Technical Article

Practical Application of Middlebrook Filter Criteria

March 14, 2023 by Ray Ridley

In this article, we will revisit a very old topic and apply practical rules to the problem. The subject is the stability of a system where an input filter interacts with a switching power supply.

This article discusses how defining the input filter incorrectly can lead to inaccurate conclusions about system stability or lead to systems that are far from optimal. We will demonstrate the need to properly identify which components are part of the input filter and which are part of the power supply. Middlebrook’s input filter stability criteria only apply to the system measured with the filter components in the correct location.

Then, we will talk about the practical way to measure the system. Complex and difficult measurements can be avoided with a pragmatic and simple lab approach to ensure a stable system.


Input Filter Impedance Interaction

An input impedance measurement or prediction gives information about the characteristics of the power supply input terminals. Knowledge of the input impedance characteristic is very useful for anyone who must add components to the basic power supply design to complete the power system. This can include an input EMI filter or another power supply that preconditions the input voltage rail.

Figure 1 shows a block diagram of a switching power supply connected to an input filter. Dr. Middlebrook, in his paper on input filter interactions [1], said that if the input impedance of a converter, Zin, is always greater than the output impedance of the filter, Zout, then a stable power supply will remain stable when the filter is connected.


Image used courtesy of Bodo’s Power Systems [PDF]
Figure 1. Power supply with input filter module. (Middlebrook’s original Figure 1 is shown for reference.). Image used courtesy of Bodo’s Power Systems [PDF]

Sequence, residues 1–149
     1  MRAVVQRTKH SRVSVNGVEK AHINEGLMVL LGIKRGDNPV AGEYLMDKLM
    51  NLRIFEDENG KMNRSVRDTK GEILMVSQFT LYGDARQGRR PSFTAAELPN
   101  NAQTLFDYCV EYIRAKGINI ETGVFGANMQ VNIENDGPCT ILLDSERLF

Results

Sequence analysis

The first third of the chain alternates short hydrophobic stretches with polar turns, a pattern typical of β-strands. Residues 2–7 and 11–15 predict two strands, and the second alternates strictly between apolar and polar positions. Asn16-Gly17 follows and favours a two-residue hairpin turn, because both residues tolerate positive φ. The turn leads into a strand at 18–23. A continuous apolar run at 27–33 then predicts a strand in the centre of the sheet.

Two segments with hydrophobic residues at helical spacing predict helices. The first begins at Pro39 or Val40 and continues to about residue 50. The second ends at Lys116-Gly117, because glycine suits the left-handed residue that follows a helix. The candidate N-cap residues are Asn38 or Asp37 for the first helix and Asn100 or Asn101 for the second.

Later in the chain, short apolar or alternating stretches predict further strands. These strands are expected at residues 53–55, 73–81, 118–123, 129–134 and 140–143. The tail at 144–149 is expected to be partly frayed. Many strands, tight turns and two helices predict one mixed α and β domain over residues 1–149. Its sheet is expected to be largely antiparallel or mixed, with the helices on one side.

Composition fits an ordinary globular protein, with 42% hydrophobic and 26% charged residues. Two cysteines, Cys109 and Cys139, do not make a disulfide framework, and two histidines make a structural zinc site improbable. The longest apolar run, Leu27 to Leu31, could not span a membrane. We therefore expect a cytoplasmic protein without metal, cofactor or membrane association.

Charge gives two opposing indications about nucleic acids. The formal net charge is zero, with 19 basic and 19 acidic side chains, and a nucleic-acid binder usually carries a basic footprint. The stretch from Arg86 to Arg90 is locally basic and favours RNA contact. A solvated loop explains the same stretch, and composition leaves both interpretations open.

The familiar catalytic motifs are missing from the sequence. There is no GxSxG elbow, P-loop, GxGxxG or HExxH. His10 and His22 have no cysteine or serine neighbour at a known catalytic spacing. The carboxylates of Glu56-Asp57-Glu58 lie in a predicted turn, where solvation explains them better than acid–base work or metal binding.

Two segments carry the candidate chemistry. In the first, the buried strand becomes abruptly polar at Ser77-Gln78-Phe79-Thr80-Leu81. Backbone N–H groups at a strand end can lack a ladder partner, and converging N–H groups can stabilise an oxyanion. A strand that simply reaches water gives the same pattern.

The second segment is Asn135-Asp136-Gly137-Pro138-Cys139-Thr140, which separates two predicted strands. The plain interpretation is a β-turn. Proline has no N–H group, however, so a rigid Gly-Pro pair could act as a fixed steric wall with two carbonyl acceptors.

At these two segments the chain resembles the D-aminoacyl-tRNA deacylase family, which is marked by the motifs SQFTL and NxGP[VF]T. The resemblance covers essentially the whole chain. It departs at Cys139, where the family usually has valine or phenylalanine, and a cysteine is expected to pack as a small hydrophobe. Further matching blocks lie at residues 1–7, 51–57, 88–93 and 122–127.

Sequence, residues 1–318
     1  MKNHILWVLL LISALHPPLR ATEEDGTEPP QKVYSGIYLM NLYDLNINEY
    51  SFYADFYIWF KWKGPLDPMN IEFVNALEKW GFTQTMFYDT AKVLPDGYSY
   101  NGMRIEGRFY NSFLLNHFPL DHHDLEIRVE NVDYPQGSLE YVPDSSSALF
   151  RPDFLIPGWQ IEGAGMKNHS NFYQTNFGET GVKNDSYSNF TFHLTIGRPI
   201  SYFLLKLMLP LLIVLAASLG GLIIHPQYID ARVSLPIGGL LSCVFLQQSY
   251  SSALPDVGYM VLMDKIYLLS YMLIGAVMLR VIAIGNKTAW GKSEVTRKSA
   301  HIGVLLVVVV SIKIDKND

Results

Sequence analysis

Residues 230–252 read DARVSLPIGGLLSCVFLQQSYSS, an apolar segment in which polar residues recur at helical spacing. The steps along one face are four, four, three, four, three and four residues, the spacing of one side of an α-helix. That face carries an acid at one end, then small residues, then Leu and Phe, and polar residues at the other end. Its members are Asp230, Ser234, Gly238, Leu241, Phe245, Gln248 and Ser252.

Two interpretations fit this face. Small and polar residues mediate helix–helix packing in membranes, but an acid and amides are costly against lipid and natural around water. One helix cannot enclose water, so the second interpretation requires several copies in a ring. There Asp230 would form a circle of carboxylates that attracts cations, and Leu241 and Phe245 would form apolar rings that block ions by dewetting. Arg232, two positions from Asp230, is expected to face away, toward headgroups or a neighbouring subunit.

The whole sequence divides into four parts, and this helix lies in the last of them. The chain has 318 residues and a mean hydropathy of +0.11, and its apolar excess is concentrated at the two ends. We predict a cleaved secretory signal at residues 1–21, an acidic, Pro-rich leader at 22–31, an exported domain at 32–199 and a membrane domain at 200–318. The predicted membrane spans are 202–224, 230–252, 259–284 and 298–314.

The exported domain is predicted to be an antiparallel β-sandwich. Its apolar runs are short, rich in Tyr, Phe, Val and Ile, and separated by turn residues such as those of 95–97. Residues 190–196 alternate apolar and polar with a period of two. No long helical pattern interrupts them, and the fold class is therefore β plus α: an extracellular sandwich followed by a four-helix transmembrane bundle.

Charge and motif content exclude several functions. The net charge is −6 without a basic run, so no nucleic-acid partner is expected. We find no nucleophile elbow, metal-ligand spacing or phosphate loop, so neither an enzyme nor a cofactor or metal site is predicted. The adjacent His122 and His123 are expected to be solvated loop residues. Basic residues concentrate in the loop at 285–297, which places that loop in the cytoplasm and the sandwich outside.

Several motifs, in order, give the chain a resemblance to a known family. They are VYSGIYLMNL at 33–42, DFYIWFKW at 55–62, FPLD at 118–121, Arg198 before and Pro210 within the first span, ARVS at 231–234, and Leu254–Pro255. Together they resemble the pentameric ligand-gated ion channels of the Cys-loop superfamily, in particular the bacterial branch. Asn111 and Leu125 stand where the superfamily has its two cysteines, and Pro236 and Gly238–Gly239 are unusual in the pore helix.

Conceptually, the impedances can be measured with the setup shown in Figure 2. An AC voltage source is connected in series between the filter and the switching power supply. The input impedance of the power supply is measured from the ratio of the input voltage of the switching power supply and the current into the terminals. While this measurement is easy to conceive and implement in a theoretical circuit or simulation, it is an awkward measurement to make in the lab. As we will see in this article, it will often result in erroneous results if you don’t measure in the right place.


Figure 2. Voltage injection into the power rail for impedance interaction measurements. Image used courtesy of Bodo’s Power Systems [PDF]


Measuring in the Right Place

The Middlebrook criteria requires that the switching power supply block of Figure 2 contains only the switching cell and none of the input filter components, as shown in his original Figure 1. However, it is usually a practical necessity that at least one filter component is included in the power supply block to filter high-frequency pulsating currents. Without this, measurements can be too noisy, and the converter may not operate properly. Also, in many cases, the internal circuit nodes for measurement are inaccessible, and the power supply input impedance measurement will naturally include several filter components.

Figure 3 shows a measurement setup where a small input bypass capacitor is included in the power stage measurements. This has a significant impact on the input impedance measurements, greatly reducing the impedance at higher frequencies. We cannot use this measurement to apply the Middlebrook criteria.


Figure 3. Flyback converter with input filter capacitor. In most cases, practical measurements require some input filter components to be included in the impedance measurement. Image used courtesy of Bodo’s Power Systems [PDF]


Figure 4 shows the proper location for the application of the Middlebrook criteria. The filter capacitor is moved into the input filter block and is NOT included in the switching power supply block. However, it is included in the filter block.